“Seattle finally has a New Nordic restaurant!” This seemingly straightforward bit of hype, from an email invitation to the press night of the nascent Tumble Swede pop-up, actually begs several questions. What exactly is a New Nordic restaurant? Have we been waiting for it? Is it any good?
The first question might be the thorniest, but answering it is crucial to answering the other two. New Nordic could be called a subgenre of cuisine, but it is more aptly described as a culinary ethos. In 2007, a bunch of Norse culinary rockstars got together to make a “New Nordic Kitchen Manifesto.” Seeking to undo years of perceived culinary subjugation by more established “haute cuisine,” these members of the Norse “fooderati” were attempting to differentiate and celebrate their native cuisine.
This led, among other successes, to NOMA, the white-hot-shit Copenhagen restaurant that famously threatened to blacklist interns who violated its intense non-disclosure agreement. NOMA is famous for its relentlessly local sourcing and elegantly simple food, which is a good summation of the New Nordic approach to cooking. The manifesto is long and involved, but it can boiled down to this: Use the best local, seasonal ingredients and let them shine. Flavor comes from technique—pickling, smoking, preserving, etc.—rather than spice.
Now, this isn't exactly a revelation for Seattle. Many of our brightest culinary stars have risen from the farm-to-table movement, using the best ingredients and letting them do the talking. And indeed, the manifesto stresses that the New Nordic approach to cooking is globally applicable, being more about methodology than specific ingredients. Lexi—owner of Old Ballard Liquor Co. and one of the masterminds behind Tumble Swede—insinuated that many local restaurants have been New Nordic for years without knowing it.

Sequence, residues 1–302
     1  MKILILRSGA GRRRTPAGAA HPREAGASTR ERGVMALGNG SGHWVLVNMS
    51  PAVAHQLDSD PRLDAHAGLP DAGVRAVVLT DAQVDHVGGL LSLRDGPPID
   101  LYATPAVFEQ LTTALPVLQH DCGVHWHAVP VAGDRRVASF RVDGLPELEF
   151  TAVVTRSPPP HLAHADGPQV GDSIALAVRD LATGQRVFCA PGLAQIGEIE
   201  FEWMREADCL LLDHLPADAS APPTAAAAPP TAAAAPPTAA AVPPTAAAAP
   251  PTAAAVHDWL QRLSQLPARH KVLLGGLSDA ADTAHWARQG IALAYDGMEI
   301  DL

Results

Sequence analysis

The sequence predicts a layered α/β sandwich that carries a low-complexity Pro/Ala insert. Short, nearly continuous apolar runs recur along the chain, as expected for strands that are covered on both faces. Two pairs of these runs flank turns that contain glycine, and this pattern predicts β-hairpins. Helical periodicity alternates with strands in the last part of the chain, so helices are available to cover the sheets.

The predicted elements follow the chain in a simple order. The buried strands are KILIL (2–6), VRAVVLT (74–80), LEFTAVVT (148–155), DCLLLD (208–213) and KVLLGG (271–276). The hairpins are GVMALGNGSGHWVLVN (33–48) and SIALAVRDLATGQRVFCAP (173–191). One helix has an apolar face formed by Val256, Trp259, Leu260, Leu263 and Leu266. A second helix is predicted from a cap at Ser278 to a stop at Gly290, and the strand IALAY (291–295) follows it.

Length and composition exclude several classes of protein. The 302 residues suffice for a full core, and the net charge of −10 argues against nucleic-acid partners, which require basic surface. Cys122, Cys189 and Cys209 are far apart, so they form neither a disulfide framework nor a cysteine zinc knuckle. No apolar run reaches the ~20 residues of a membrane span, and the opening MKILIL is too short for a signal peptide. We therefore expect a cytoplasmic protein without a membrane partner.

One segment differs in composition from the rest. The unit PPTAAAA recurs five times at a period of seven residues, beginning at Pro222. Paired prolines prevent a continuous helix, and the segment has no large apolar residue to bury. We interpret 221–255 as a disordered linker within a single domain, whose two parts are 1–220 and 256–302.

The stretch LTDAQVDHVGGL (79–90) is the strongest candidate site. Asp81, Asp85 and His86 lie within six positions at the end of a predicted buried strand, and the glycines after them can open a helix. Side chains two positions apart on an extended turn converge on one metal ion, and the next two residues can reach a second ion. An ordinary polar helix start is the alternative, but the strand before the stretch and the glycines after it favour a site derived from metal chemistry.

But if New Nordic is already omnipresent, is Seattle really starved for New Nordic cuisine? Is it different from what we've already eaten at the Whale Wins? According to Lexi, it is. I suspect that her use of the New Nordic label to describe the Tumble Swede pop-up was more of a PR maneuver than an accurate description. While she is certainly ardent about getting the best local ingredients, she's essentially going for is an upscaling of the rustic traditions of her Scandinavian forebears who settled this region. “This is the way poor people ate 100 years ago,” she said, stressing that, as much as she admires the high-concept food at places like NOMA, she'd prefer to stick more closely to traditional recipes, though not necessarily popular ones.
Which means no meatballs. “I'm so sick of meatballs, I could just scream,” she said.
So, without meatballs, what would there be? I knew there would be Aquavit, that lovely Scandinavian answer to gin, bursting with caraway and cloves. And I knew there would be oysters. Armed with an open mind and an empty stomach, I arrived at Bloom, the recently deceased Ballard ramen/sushi joint that has been reincarnated as a multipurpose pop-up venue. Jason Harris, former owner of Bloom and the chef part of the Tumble Swede equation, was in the kitchen, busily shucking oysters while Lexi mixed drinks and mingled with guests.
My first priority was to get my hands on the dinner's specialty cocktail, the “Ingmar Bergman.” I figured if I liked the cocktail half as much as I liked The Seventh Seal, we'd be in good shape. It was a concoction of OBLC's Älskar citron Aquavit, celery soda, cardamom bitters, and lemon verbena liqueur, and, regrettably, it fell flat. The ingredients masked the otherwise powerful flavor of the Aquavit, which, Lexi explained, is what most Aquavit cocktail recipes are designed to do because we Americans can't handle it straight. Shame on us, I guess.